If you love a good waterfall hike, then put the Ribbon Falls hike in Kananaskis…
With so many footpaths and bridleways criss-crossing the UK it would be possible to spend a lifetime walking the length and breadth of the country, exploring its hidden nooks and crannies, marveling at its favourable green vistas and stopping off at one or two excellent watering holes, all without being troubled by too much traffic.
Although many people think of walks as being a countryside pursuit some of the walks we’ve picked out as our favourites also pass through towns and even cities, where you will see urban landscapes reveal themselves in a fresh new light.
All the long distance walks can be split into smaller sections for shorter day or weekend walks. After all we don’t all have time to take off a couple of months to walk the entire length of the South West Coast Path in one go.
Some of the walks below are well known and loved National Trails so they are well marked while others are a little more challenging and will rely on your excellent map reading skills, stamina, endurance, good kit and clothing!
Here are 10 of our favourite long distance walks in the UK
South West Coast Path – 600 miles (965 km), SW England
Starting at Minehead in Somerset and ending at Poole Harbour in Dorset, the Southwest Coast Path is the longest waymarked path in the UK. This spectacular path threads its way around the coastline, through seventeen Heritage Coasts, five Areas of Outstanding Natural Beauty, a National Park, two World Heritage Sites, a UNESCO Geopark and Britain’s first UNESCO Biosphere Reserve.
Taking in superb and varied coastal scenery, wildlife and heritage the route hugs the coastline passing through Somerset, North Devon, round Cornwall, South Devon and finally into Dorset.
Its highest point is at Great Hangman in North Devon where the cliffs rise 320 m (1043 ft) above the sea with breathtaking views of Exmoor, the Welsh coast and Lundy.
From the wild cliffs of Cornwall to the wonderful coastal villages and towns of Lynton, Ilfracombe, Bude, Boscastle, Tintagel, Padstow, Newquay, St.Ives, Penzance, Falmouth, St.Austell, Looe, Salcombe, Lyme Regis, Weymouth and Swanage.
The coast at Brixham, with secluded cove and turquoise waters. This is not a walk where you will escape people as it’s a well trodden path, but half the fun is meeting and talking to people along the way; there are plenty of colourful characters ready to share their tales.
Highlight: The rugged west coast of Cornwall, traversing the jagged cliffs of Cape Cornwall, passing above hidden sandy bays and the crashing waves of the Atlantic on your way to the incredible Minack Theatre perched high above the tropical white sands of Porthcurno beach. Look out for huge basking sharks here!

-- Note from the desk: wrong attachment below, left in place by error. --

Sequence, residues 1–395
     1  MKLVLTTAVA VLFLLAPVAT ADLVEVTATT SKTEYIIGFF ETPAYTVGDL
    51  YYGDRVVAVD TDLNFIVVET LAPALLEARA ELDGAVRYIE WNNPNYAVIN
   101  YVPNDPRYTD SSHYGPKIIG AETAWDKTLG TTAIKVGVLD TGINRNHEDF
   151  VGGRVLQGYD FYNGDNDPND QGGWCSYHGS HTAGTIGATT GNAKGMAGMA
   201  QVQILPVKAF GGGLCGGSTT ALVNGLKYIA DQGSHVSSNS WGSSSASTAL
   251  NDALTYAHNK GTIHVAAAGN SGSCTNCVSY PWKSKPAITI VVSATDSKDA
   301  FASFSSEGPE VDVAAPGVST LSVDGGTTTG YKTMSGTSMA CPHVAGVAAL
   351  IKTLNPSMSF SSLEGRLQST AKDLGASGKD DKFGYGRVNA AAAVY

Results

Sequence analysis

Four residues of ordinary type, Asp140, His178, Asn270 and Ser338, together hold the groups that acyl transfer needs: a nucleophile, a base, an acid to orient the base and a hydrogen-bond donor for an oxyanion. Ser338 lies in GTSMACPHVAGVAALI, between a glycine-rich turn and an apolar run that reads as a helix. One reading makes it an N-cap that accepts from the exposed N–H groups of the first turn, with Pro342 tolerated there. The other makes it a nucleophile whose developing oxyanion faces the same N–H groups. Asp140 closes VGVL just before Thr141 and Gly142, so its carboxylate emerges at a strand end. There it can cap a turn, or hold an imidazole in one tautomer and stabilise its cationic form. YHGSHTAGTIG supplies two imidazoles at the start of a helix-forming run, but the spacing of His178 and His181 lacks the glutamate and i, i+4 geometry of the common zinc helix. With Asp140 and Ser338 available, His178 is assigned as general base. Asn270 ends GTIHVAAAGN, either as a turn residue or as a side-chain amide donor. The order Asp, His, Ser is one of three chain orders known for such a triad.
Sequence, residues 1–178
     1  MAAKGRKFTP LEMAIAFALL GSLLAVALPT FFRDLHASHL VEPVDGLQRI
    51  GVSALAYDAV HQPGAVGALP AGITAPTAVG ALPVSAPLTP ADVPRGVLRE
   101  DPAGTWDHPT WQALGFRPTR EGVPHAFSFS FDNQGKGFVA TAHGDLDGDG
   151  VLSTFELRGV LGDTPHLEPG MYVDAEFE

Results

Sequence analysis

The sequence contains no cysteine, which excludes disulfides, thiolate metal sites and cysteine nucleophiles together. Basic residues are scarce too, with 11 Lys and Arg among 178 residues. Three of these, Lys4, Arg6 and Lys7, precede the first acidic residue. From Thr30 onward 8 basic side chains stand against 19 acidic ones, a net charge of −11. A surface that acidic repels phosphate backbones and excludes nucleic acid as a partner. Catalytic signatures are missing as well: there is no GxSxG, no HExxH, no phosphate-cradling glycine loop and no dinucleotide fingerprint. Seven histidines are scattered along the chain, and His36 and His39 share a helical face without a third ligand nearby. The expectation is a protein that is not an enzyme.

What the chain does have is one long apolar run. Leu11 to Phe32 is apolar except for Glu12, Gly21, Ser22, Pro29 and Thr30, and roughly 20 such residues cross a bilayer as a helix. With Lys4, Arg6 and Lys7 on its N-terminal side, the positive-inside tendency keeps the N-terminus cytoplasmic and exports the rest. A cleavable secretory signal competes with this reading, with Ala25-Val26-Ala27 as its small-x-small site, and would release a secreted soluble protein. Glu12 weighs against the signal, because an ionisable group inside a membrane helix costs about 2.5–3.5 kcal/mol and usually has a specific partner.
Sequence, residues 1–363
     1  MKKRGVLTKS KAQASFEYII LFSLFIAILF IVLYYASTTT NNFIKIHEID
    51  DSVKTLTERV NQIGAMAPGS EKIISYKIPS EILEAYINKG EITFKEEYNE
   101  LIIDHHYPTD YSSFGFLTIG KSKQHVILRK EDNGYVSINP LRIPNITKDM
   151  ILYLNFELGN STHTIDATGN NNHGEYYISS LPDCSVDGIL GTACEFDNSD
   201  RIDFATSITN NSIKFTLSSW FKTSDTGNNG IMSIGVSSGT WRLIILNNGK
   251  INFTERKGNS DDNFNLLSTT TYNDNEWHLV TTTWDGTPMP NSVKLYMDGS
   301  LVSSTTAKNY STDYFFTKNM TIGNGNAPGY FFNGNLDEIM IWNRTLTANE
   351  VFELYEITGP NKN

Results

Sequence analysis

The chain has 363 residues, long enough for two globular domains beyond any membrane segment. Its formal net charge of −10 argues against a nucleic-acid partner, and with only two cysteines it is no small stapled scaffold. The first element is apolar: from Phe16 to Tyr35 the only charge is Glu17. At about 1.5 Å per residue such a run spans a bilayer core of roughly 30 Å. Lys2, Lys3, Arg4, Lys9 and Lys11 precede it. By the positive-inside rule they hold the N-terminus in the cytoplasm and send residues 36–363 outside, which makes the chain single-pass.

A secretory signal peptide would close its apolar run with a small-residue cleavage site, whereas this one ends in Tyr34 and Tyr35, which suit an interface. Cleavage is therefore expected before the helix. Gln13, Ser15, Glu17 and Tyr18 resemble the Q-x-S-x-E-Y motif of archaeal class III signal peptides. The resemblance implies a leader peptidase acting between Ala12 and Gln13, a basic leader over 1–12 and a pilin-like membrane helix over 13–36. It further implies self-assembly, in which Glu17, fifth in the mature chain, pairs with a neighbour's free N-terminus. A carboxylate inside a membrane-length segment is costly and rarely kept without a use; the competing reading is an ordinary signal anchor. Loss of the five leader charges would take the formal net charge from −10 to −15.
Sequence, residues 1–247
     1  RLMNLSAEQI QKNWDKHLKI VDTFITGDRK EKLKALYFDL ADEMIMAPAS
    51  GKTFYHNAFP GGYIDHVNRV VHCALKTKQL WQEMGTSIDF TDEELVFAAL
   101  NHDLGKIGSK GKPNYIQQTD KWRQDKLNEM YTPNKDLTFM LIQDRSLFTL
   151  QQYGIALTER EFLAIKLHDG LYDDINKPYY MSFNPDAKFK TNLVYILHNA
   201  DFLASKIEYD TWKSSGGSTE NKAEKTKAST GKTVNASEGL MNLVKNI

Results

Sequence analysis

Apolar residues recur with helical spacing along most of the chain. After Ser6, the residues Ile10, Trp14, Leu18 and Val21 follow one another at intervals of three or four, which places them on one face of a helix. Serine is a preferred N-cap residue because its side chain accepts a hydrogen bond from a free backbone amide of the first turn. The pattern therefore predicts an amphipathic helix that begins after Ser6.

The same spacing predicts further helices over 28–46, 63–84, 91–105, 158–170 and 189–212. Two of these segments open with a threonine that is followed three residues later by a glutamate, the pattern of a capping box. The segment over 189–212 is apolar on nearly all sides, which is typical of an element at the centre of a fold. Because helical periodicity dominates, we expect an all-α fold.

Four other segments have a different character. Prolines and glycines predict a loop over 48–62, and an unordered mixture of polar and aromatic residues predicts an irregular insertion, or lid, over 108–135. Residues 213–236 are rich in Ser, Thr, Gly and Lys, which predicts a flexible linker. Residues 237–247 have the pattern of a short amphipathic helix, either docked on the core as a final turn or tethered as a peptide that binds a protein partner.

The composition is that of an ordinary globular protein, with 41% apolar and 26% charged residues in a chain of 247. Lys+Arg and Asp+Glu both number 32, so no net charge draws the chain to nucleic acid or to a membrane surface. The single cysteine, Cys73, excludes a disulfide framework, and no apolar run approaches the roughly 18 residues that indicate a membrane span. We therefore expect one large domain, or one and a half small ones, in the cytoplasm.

The West Highland Way in Scotland – 95 miles (153 km)
With terrain ranging from old military tracks, lowland moors, solid narrow paths in dense woodland and rolling hills, to the high mountainous regions of Scotland this walk takes in some of the most spectacular and remote scenery in Britain.
From Milngavie and the rolling hills north of Glasgow to Fort William at the foot of Ben Nevis. The scenery ramps up before reaching Loch Lomond where a good stretch along Scotland’s longest loch leads walkers into mountainous country and some breathtaking views, setting a theme for the rest of the route.
The Way skirts Rannoch Moor to reach the head of Glencoe, finally approaching Glen Nevis through a high valley with Ben Nevis, Britain’s highest mountain, towering above you at the end of this incredible walk. It’s not an easy walk but it’s not too difficult either, in parts pleasant and relaxing, in parts strenuous and rough.
Download a free hiking guide to the West Highland Way here.
There’s a variety of welcoming accommodation for weary walkers along the route; just remember to watch out for bad weather when you get to the mountainous stages and always check ahead before setting out for the day. If you fancy walking further join the relatively easy Great Glen Way at Fort William and carry on for 79 miles (125 km) up to Inverness.
Highlights: Ascending from Loch Lomond into mountain country the views are the best you’ll get in the UK. Standing at the foot of Ben Nevis you can’t fail to be awed and perhaps inspired to take part in a climb!
The Thames’ Path – 213 miles (341km), across middle England
Follow The Thames, the greatest river in England, as it rises from its source at Kemble in the Cotswold Hills to the Nore, where it flows into the busy shipping routes of the cold North Sea.